Tuesday, September 18, 2012

Are you ready to lose the war to win the battle?

As we have seen in the earlier blog, excelling in life is about using unforced situations to make the right choices most of the time to enhance your knowledge in the areas of your strengths as well as using forced difficult situations in life to grow mentally.  For this to happen, one has to battle with the mind's demons all the time. Because this whole battle happens in one's mind and cannot be seen or monitored from outside, it is therefore a battle against oneself.

But contrary to the common belief, excelling is not about winning every point, every game or even a set. If you have seen the Andy Murray's US Open win, you will appreciate this principle of winner. Infact, excellent winners use the losses in wars to prepare themselves to win the bigger battle. Winners use three winning strategies to help them win even from losses. Let us understand Andy Murray's win from this perspective.

1. Until he consolidates his strengths, winner does not worry about losing  

A baseline player like Andy Murray likes to play from the back of court. He does not like to go to the net even when it is easy to win a point. Despite what the critics and analysts have been telling him, Andy Murray does not still go to the net. If you see the match statistics of US Open, you will see that he came 24 times to the net, as compared to 56 times for Djokovic. Andy Murray was ready to lose points at net. Instead of using net, Andy murray preferred to consolidate his forehand which, according to Boris Becker, was a significant factor in Murray's win.

If you see Pravin and Angad's case, you will see that excellent professionals in knowledge field use the same strategy. Angad consolidated his strength of 'sales', even though he did not like 'sales'. So even though, you may not like working in software, BPO, or in any other function, please consolidate your strengths before you move into a new function, domain, skill, or venture. Being prepared to lose 3-5 years helped Angad win the ultimate battle.

2.While flowing with the unfolding of events, excellent winner does not think of losing 

When a server in tennis has made a good serve, he has a upper hand in the point. The receiver has to be defensive and play defensively. In such a situation, receiver has to flow with the unfolding of the shots and learn to wait for the right time to strike. If the opportunity does not come in that point, he has to let the point go without letting his mind affected by the loss of point. Sometimes, when an excelling professional is serving well, he loses many games before he gets an opportunity. The exceller uses this strategy to train his mind to wait (and not get impatient) so that he can play the right shot at the right time. Without training his mind, he tends to play low-percentage shots and try to manipulate the events forcibly.

Knowledge professional finds it very difficult to use this excelling strategy. I often find professionals reacting to the events instead of learning from the events.  Many professionals, for instance, approach me in May/June  to change their jobs, because they have get less than expected rating ( or increments) in their current jobs during the year-end performance appraisal? Instead of learning the dynamics of rating or increments, they just run away from it and then tend to repeat the mistake in new company! Instead of remaining with the flow, professionals are desperate to 'change the flow' forcibly, often causing too much of hardship for themselves. And more importantly, they never learn the winning habit of 'waiting for the right time to strike' which is a must-have skill of winner.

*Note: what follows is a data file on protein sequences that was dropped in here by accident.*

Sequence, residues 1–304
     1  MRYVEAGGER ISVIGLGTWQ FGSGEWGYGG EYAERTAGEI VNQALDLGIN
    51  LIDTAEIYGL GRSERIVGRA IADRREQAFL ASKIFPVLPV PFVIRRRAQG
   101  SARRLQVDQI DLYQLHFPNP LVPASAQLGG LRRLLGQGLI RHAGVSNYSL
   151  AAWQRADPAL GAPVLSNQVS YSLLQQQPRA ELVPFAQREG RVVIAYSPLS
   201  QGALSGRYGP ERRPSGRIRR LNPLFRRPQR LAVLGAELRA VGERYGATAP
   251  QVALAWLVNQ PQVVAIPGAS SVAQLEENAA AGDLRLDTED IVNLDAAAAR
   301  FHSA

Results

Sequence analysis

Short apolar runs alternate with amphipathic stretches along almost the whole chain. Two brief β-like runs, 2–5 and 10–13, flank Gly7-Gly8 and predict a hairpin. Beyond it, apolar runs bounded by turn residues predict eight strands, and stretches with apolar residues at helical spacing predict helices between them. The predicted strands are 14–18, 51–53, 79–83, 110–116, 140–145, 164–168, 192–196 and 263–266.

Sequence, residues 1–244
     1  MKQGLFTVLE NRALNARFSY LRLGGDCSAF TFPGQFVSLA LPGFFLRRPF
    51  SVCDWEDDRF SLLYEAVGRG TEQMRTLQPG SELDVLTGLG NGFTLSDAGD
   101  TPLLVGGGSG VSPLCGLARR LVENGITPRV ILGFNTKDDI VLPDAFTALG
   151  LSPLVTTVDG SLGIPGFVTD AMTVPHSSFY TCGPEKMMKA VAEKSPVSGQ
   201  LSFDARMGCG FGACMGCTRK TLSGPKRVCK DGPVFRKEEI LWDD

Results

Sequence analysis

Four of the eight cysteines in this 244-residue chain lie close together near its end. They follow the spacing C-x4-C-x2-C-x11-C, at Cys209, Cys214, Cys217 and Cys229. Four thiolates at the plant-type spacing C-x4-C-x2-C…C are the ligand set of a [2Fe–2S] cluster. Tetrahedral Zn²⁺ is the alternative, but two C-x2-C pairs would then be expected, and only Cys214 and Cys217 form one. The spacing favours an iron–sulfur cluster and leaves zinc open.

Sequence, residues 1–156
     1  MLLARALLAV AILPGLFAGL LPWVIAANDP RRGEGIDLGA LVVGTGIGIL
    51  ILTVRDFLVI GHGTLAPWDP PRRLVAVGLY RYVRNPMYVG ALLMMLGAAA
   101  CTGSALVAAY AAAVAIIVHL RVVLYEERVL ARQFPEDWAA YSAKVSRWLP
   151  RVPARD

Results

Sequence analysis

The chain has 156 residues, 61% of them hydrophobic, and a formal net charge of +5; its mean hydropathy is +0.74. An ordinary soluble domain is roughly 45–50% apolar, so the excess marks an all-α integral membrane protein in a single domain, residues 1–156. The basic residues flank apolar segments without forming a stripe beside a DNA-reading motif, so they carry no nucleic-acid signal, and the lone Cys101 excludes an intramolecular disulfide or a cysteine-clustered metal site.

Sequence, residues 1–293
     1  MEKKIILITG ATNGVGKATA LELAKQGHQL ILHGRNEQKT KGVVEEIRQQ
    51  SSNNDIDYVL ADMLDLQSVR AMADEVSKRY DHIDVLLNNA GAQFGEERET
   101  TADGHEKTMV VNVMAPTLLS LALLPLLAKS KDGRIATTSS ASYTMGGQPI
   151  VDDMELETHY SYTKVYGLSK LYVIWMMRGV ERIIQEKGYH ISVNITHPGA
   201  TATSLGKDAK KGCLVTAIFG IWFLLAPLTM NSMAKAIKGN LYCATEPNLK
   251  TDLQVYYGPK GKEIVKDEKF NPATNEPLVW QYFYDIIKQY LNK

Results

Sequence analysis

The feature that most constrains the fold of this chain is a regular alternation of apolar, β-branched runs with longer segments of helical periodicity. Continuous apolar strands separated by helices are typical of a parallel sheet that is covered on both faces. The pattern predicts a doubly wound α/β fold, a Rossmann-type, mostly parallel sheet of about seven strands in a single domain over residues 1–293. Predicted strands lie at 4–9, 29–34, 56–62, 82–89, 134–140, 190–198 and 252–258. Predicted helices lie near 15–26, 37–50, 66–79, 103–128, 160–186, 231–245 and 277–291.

3. Losses are useful to tame the demon of Self doubt 

The demon of self doubt is always lurking in the corner. It can be best tamed when one suffers a loss.   Recall how Lendl helped tame the demon of Andy Murray's Self doubt after losing to Djokovic in Australian Open of 2012. Instead of saying 'he lost again', he said 'He got a self belief that if he could hang in, he could win'.It is more important to remember that Self doubt has to be tamed, not banished from the mind, because it is very useful to keep one's feet firm on the ground when one is winning.

Without self-doubt, one starts believing that 'he alone has caused the outcome of winning'. As we have seen, this  belief 'that we can produce outcomes' is unrealistic. And having unrealistic beliefs does not help us in sustaining our habit of excellence. Losses therefore are useful to tame the self doubt and keep it alive because it is required to sustain the excelling habit. If you hear Roger Federer's interviews after winning his match, you will see how he credits his wins to outside events and situations !

For a knowledge professional, this strategy is even more important. In an organisational dynamics, one often gets 'undue credit' for an outcome ( like big sales order, or good project management) because the team and colleagues performed well. Without self doubt, professionals often get the success in their head as they start believing that 'they alone' are responsible for their success. In corporate life, you will find many such 'one-victory'  professionals who survive with their one brilliant performance. They are unable to regain their winning habits, because they could not tame their self doubt.


In short, losses and successes both are required to sustain excellence practice because both are just feedbacks to your way of thinking. Like Thomas Edison said ' I have not failed 1000 times. I have successfully discovered 1000 ways of not making a bulb'. If you have to practice the habit of excellence, you will invariably win some and lose some.  And that is why it is important to be prepared to lose , if you have to excel.

Are you prepared to lose to sustain your excellence habit? 

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